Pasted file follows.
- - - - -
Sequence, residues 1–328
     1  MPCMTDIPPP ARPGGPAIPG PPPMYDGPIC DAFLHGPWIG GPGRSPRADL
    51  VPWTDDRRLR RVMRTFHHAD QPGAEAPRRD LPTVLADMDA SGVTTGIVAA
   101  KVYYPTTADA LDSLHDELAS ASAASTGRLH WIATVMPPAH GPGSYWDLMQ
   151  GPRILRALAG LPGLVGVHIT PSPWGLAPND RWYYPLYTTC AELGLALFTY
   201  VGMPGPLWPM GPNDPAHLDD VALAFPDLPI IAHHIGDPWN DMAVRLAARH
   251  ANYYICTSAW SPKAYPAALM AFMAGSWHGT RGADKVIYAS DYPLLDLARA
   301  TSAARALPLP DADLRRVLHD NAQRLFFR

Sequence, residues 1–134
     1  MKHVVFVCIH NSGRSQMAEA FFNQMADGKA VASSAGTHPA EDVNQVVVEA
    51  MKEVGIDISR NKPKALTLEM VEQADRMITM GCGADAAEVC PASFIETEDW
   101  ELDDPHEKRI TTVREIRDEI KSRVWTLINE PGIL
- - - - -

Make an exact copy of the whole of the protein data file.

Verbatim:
Sequence, residues 1–328
     1  MPCMTDIPPP ARPGGPAIPG PPPMYDGPIC DAFLHGPWIG GPGRSPRADL
    51  VPWTDDRRLR RVMRTFHHAD QPGAEAPRRD LPTVLADMDA SGVTTGIVAA
   101  KVYYPTTADA LDSLHDELAS ASAASTGRLH WIATVMPPAH GPGSYWDLMQ
   151  GPRILRALAG LPGLVGVHIT PSPWGLAPND RWYYPLYTTC AELGLALFTY
   201  VGMPGPLWPM GPNDPAHLDD VALAFPDLPI IAHHIGDPWN DMAVRLAARH
   251  ANYYICTSAW SPKAYPAALM AFMAGSWHGT RGADKVIYAS DYPLLDLARA
   301  TSAARALPLP DADLRRVLHD NAQRLFFR

Sequence, residues 1–134
     1  MKHVVFVCIH NSGRSQMAEA FFNQMADGKA VASSAGTHPA EDVNQVVVEA
    51  MKEVGIDISR NKPKALTLEM VEQADRMITM GCGADAAEVC PASFIETEDW
   101  ELDDPHEKRI TTVREIRDEI KSRVWTLINE PGIL